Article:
Hazel Belk’s poems stand a test of time

Published 12:00 am Tuesday, January 15, 2013

Hazel Belk wrote her first poem, “Inner Peace,” when she was 30, then she secreted it away in a drawer.

“It was very personal,” Belk says, “so I just tucked it away, thinking I might share it later. I was kind of like Pearl Buck with her love poems she kept secret for a long time.”

For the next 60 years, Belk put pen to paper on several other occasions, but the poems always ended up in other drawers or pushed into the pages of old books and bibles.

She usually shared her inspirational messages with Warren, her husband, but for many years their son, Larry, had no clue his mother was a closet poet. Neither did the Belks’ friends.

“I kept it secret for a long time,” Hazel says.

Now 90 and making a strong recovery from a recent bout with pneumonia, Hazel Belk saw a personal dream come true last summer when she self-published her first book, “Poems of Hope, Inspiration & Power.”

The $8.99 soft-cover book includes 39 poems, including 16 related to hope, 12 to inspiration and 11 to power. Belk’s strong Christian faith comes through in her collection.

It took her nine months to gather all the poems she had written in longhand through the years, read them again, do some editing, type them onto manuscript pages and pen several new poems to fill our her 45-page book.

“That was my baby — it took me nine months,” Belk says.

It’s not meant, of course, to be a best-seller, but it’s an achievement Belk revels in and an important legacy she can now leave behind for the people close to her.

Warren, her chief encourager for 67 years, was able to celebrate the book with Hazel before his death Dec. 13.

Born in Danville, Va., Hazel moved to Kannapolis with her family when she was three months old, and she has lived here ever since. A business course in high school led to land a job with Cannon Mills for six years.

She and Warren met before World War II and decided to put off marriage until the war was over. Warren Belk served with the U.S. Navy until his discharge in December 1945. The couple were married Dec. 15 of that year.

Warren would work 45 years for Cannon Mills, rising to packing director. When their son, Larry, was 13, Hazel decided to return to the workforce.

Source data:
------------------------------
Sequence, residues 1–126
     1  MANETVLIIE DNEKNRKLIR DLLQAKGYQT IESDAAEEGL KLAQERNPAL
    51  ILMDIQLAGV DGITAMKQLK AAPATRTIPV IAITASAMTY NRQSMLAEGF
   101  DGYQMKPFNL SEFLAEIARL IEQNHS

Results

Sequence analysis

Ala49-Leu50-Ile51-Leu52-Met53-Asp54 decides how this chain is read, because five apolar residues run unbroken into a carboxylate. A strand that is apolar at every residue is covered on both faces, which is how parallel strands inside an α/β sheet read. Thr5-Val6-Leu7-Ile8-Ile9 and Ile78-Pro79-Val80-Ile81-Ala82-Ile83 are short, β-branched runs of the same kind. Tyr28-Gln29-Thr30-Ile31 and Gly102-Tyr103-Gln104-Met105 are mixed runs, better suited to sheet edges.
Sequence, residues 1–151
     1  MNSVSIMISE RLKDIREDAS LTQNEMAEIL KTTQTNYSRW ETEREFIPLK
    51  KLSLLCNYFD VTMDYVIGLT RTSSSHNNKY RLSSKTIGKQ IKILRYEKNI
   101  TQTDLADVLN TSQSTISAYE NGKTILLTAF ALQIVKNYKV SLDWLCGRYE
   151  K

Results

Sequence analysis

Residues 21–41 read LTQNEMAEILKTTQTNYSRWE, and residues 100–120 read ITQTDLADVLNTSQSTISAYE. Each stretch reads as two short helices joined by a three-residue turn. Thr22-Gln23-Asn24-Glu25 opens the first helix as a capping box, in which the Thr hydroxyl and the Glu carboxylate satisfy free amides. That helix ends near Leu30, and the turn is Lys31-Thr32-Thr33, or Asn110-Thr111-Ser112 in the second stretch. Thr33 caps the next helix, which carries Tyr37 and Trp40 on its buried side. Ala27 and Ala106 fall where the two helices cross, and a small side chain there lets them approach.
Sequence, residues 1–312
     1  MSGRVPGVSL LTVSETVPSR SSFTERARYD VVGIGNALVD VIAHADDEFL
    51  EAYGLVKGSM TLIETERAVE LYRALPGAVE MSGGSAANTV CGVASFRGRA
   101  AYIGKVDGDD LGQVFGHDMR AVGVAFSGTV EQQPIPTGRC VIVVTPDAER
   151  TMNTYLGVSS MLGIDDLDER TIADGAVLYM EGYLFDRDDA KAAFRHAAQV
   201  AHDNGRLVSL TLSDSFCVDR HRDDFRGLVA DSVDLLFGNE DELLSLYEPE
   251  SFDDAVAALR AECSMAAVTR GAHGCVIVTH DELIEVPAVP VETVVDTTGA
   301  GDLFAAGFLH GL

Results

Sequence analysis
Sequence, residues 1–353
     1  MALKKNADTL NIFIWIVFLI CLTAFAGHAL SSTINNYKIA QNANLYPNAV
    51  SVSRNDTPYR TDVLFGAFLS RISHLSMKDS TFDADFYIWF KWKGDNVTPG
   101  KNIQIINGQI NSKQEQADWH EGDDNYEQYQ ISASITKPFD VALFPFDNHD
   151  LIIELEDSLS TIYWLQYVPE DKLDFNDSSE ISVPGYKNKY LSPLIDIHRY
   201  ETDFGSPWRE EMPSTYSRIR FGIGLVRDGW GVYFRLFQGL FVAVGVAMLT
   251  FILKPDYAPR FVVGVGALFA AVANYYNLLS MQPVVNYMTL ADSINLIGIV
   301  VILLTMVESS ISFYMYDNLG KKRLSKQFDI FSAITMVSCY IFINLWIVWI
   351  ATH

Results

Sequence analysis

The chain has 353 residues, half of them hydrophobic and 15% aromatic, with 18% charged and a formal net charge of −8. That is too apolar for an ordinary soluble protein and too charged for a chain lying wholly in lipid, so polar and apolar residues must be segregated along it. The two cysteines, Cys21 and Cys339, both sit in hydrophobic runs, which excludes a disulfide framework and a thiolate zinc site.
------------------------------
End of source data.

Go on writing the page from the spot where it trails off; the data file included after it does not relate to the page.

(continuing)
She honed her secretarial skills by taking courses at North State Business College in office machines, typing and shorthand. For 20 years, Hazel worked in the women’s department at the Cannon YMCA, followed by five additional years for a local finance company.

Hazel also taught Sunday School at First Baptist Church in Kannapolis for 54 years. Outside of her quiet hobby of writing poetry, Belk did plenty of good cooking, reading, sewing and entertaining, she says.

She recalls winning a four-day trip to the beach one year for her Japanese fruitcake recipe, chosen as the winner in a contest held by the local newspaper.

“I had to cook them a cake and take it up there,” Belk says, laughing.

Balboa Press of Indiana is publisher for her book, which can be ordered from Balboa or through online book sites such as Amazon and Barnes & Noble.

Some of Belk’s poems were first published in her late 80s when they were part of yearly anthologies compiled by Eber & Wein Publishing, also of Indiana.

Belk was invited to submit poems for those books after she entered an online poetry contest. She has poems in the 2010, 2011 and 2012 anthologies and in a coffee table book.

Warren strongly encouraged her to self-publish a book of poems and said he would pay for it.

In late 2012, Hazel was hospitalized with her pneumonia. She had just been discharged and moved to the Brian Center to start her recovery when Warren died.

At the Brian Center, Hazel says, she was able to regain her strength and some much needed weight.

Hazel Belk’s poems often touch on the hope, inspiration and power one can find through nature, but they also find their way home to God, blessings and prayer.

When she wrote her first poem 60 years ago, she says, “I had come to the realization of what Jesus had been doing in my life.”

That feeling — and the need to express it — never left her.

Hazel continues to write her poems. Her latest have focused on a nurse and her recent stay at the Brian Center.

Hazel’s favorite poem, “Answered Prayer,” did not make it into “Poems of Hope, Inspiration and Power,” which has caused her to do some thinking.

“I may still be doing another book,” she says.

Contact Mark Wineka at 704-797-4263,or mwineka@salisburypost.com.